The First Mural, Beautiful Kidz, Katatura, NamibiaI’m a firm believer in what goes around comes around. People ask why I have my art out on the Internet for free. Well, for the moment, I enjoy helping people and hearing from them. This free service has provided some neat opportunities for me. I’ve had my cartoons on a television commercial, used with PowerPoint presentations in multiple languages, on book covers, published in a series of educational DVD’s and then there was the email from Margaret.
I don’t often get email from Africa. Margaret worked in Namibia and searched online for some artwork to use at a daycare center for Aids orphans in the Windhoek area. She stopped when she found my site. All she needed was my permission because she found all the art she needed. Of course, I instantly said yes. Absolutely use my art at the center!
Then, I thought about it for five minutes and sent another email message.
I told Margaret that I not only wanted them to use my art but I wanted them to use me. I volunteered to go to Namibia and help with the painting if they were interested. When she recovered from the initial shock, she invited me to Africa. I wrote to my friends that it was a once in a life time experience that couldn’t be missed. One of them wrote back and said that it was just another in a series of Phillip Martin experiences that never seem to happen to anyone else. He wasn’t surprised at all about Africa.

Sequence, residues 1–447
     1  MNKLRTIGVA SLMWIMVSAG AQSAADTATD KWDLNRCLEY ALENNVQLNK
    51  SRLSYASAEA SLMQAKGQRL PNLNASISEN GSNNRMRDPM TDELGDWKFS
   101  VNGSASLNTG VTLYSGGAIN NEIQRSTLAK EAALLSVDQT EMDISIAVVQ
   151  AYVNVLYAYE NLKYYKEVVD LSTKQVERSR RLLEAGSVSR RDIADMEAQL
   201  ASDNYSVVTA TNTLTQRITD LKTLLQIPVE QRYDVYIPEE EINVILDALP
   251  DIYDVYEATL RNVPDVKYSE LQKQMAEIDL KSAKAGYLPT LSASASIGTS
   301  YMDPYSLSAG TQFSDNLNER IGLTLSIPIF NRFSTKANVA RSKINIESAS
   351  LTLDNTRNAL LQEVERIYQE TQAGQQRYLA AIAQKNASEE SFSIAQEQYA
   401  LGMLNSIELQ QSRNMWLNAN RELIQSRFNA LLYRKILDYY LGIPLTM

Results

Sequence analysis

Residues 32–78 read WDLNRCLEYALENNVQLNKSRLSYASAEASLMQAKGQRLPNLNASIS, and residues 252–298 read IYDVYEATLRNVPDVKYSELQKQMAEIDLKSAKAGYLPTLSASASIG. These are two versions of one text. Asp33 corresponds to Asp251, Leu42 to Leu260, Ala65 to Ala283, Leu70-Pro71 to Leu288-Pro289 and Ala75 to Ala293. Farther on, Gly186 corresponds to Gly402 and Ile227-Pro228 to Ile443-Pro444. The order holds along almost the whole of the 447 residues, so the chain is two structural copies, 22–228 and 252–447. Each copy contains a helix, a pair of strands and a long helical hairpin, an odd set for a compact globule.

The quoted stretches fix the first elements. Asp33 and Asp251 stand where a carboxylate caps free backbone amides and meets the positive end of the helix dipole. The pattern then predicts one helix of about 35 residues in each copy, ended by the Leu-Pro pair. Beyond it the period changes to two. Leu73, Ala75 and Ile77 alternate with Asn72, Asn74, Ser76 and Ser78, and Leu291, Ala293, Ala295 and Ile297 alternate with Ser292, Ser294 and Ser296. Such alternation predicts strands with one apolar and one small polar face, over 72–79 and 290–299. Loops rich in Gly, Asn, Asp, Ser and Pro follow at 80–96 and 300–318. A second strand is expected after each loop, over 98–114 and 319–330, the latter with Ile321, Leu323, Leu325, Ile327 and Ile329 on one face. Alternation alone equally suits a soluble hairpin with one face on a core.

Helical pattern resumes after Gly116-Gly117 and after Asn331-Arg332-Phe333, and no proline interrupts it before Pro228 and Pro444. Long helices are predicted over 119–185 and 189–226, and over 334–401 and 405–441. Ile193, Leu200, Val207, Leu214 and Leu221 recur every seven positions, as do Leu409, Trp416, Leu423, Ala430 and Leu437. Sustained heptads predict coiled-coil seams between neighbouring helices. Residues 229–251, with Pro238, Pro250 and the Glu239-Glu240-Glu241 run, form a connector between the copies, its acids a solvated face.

It never occurred to me to paint murals for kids. I don’t think that idea ever would have come to me. But, like I said, I had these women who pushed me in the right direction. When Margaret suggested murals to me, it sounded like such a perfect fit. Namibia was the first mural. But, I knew it wouldn’t be the last. I’d be back to the wall again and again. It was only the beginning.I lived in Zambia for two very long years. It was not a good fit for me. Other people loved living there, but I counted the months of my two year contract after just six weeks. One of my regrets was never figuring out a way to get involved in the community. In an area of the world devastated by Aids, there should have been plenty of opportunities for community service. I just never found them. Painting the mural in Namibia helped to heal that wound of regret.
I’ve always considered myself an art teacher who happened to have a website. Yes, my art is all over the web and my students wondered if I was famous. But, I knew the truth. Not rich, not famous, and let me repeat not rich. However, in Namibia, I was the “renowned Belgian children’s illustrator”. It really said that in a write up about me.
Everything is big in Africa. I love the size of an African sky. If you haven’t seen one, you just can’t imagine what I’m talking about. Anyway, before arriving in Namibia, they told me the mural would be huge. No problem for me. But, huge in Africa was about 80 yards. I could be wrong because I’m no real good judge of distance, but it was an African-style huge mural. Fortunately, I had over fifty volunteers of all ages to help with the process.